Preprints
https://doi.org/10.5194/tcd-7-4703-2013
https://doi.org/10.5194/tcd-7-4703-2013

  24 Sep 2013

24 Sep 2013

Review status: this preprint was under review for the journal TC but the revision was not accepted.

Simulating the role of gravel on the dynamics of permafrost on the Qinghai-Tibetan Plateau

S. Yi1, J. Chen1, Q. Wu2, and Y. Ding1 S. Yi et al.
  • 1State Key Laboratory of Cryospheric Sciences, Cold and Arid Regions Environmental and Engineering Research Institute, Chinese Academy of Sciences, 320 Donggang West Road, 730000, Lanzhou, Gansu, China
  • 2State Key Laboratory of Frozen Soil Engineering, Cold and Arid Regions Environmental and Engineering Research Institute, Chinese Academy of Sciences, 320 Donggang West Road, 730000, Lanzhou, Gansu, China

Abstract. Gravel (particle size ≥ 2 mm) is common in soil profiles of the Qinghai-Tibetan Plateau (QTP). It has different thermal and hydrological properties than other fine mineral soils (particle size < 2 mm), which may have significant impacts on the thermal and hydrological processes of soil. However, few models have considered gravel. In this study, we implemented the thermal and hydraulic properties of gravel into the Dynamic Organic Soil-Terrestrial Ecosystem Model to develop new schemes to simulate the dynamics of permafrost on the QTP. Results showed that: (1) the widely used Farouki thermal scheme always simulated higher thermal conductivity of frozen soils than unfrozen soils with the same soil water content; therefore it tends to overestimate permafrost thickness strongly; (2) there exists a soil moisture threshold, below which the new set of schemes with gravel simulated smaller thermal conductivity of frozen soils than unfrozen soils; (3) soil with gravel has higher hydraulic conductivity and poorer water retention capability; and simulations with gravel were usually drier than those without gravel; and (4) the new schemes simulated faster upward degradation than downward degradation; and the simulated permafrost thicknesses were sensitive to the fraction of gravel, the gravel size, the thickness of soil with gravel, and the subsurface drainage. To reduce the uncertainties in the projection of permafrost degradation on the QTP, more effort should be made to: (1) developing robust relationships between soil thermal and hydraulic properties and gravel characteristics based on laboratory work; and (2) compiling spatial datasets of the vertical distribution of gravel content based on measurements during drilling or the digging of soil pits.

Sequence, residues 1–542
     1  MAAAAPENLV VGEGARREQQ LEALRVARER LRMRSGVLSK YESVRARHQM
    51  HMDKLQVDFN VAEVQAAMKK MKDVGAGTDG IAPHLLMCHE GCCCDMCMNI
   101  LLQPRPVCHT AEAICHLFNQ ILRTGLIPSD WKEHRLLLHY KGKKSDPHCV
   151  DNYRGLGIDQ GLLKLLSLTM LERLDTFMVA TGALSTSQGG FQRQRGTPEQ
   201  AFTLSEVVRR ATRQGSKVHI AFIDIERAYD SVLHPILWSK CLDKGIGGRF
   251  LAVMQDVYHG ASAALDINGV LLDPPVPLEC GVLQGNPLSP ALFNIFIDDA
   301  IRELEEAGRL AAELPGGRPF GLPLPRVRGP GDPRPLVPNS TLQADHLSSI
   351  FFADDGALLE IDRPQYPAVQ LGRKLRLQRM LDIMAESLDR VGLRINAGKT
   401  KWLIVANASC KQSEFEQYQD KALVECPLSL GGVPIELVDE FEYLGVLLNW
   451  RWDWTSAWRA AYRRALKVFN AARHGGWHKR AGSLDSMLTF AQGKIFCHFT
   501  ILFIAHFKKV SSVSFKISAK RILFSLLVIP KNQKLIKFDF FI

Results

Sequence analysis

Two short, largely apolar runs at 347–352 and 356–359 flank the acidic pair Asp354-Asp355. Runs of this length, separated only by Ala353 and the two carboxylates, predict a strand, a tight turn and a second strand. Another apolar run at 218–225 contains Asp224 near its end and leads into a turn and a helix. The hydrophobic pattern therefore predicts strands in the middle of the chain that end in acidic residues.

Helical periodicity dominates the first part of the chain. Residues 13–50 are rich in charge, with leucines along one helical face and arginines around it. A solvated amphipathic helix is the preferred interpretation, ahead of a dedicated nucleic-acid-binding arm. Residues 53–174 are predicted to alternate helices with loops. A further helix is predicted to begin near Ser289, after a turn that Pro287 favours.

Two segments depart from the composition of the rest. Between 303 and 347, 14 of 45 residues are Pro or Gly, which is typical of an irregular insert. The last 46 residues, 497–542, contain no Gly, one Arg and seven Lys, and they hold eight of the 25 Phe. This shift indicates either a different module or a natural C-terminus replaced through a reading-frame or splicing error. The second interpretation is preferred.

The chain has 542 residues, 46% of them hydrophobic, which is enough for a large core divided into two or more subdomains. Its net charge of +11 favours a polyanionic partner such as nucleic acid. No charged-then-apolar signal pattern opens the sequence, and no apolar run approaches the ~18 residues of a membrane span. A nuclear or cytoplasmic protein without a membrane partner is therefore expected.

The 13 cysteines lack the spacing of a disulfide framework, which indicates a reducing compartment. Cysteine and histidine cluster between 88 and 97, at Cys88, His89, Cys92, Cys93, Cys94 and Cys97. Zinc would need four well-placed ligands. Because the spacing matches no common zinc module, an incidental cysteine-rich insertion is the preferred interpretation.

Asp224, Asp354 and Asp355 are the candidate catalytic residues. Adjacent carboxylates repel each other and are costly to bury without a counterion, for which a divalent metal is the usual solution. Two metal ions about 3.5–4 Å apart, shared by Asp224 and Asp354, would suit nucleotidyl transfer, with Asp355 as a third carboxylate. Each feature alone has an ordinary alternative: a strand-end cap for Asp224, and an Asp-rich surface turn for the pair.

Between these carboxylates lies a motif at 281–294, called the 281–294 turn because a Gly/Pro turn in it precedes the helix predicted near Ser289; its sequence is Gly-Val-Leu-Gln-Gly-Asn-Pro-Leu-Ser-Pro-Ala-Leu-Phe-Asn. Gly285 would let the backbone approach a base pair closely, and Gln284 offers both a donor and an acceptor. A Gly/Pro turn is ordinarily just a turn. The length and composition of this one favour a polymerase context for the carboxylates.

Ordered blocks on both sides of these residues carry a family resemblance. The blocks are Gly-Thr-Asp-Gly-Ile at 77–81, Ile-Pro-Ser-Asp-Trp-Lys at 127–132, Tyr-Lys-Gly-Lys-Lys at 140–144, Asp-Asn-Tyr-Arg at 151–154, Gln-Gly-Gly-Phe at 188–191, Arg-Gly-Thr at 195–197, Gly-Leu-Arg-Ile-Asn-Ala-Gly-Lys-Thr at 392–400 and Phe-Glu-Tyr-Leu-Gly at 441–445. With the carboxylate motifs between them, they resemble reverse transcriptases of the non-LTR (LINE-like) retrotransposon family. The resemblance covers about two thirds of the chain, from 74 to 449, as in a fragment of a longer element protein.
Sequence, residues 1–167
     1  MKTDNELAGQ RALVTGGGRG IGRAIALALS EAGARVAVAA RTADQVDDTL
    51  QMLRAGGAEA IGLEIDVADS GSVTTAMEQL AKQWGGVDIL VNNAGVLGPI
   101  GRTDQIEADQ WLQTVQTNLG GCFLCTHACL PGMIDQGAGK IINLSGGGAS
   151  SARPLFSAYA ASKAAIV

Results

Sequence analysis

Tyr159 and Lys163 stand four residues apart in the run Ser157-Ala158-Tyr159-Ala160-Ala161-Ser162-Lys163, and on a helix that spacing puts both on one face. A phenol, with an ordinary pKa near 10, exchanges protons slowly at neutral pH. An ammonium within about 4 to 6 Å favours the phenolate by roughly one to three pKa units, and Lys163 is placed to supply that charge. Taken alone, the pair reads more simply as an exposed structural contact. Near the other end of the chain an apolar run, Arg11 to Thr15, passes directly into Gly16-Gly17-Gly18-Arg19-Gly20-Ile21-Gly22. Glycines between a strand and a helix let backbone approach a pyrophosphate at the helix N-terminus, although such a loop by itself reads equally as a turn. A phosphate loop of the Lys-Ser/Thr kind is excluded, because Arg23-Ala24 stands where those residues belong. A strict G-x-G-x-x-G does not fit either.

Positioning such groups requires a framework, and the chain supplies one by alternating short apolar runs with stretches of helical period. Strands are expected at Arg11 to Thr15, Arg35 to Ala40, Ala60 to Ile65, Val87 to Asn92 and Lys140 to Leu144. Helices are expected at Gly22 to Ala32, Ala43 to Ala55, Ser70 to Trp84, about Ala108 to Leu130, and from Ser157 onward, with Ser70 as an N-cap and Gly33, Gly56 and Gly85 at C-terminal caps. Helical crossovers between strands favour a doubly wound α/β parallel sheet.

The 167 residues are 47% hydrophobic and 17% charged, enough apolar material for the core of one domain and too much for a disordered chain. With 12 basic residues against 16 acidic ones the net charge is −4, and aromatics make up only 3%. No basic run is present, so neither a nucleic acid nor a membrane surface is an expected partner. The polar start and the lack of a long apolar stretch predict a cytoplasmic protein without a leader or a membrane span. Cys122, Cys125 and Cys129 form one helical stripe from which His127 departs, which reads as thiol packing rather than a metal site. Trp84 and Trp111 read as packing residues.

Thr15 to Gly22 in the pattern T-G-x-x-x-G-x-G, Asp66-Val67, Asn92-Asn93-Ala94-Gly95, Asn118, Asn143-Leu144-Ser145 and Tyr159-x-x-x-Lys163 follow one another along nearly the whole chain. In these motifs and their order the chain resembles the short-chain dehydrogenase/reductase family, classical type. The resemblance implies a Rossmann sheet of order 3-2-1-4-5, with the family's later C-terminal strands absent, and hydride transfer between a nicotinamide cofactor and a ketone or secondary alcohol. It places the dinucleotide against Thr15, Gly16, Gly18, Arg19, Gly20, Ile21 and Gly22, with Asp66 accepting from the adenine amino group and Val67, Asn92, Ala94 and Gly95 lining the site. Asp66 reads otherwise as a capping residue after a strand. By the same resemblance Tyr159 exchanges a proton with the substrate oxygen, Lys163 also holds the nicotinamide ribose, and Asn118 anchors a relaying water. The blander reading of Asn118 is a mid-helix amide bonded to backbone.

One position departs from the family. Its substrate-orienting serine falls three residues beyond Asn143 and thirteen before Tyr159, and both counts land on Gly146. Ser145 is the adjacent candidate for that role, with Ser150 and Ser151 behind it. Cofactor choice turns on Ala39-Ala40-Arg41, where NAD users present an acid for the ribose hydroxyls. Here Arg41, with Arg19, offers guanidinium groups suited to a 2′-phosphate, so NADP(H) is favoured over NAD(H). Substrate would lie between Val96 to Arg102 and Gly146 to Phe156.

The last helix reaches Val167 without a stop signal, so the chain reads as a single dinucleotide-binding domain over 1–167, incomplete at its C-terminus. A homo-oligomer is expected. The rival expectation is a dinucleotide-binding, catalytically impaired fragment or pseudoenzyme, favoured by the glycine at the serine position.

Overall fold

S. Yi et al.

 
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Status: closed
Status: closed
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S. Yi et al.

S. Yi et al.

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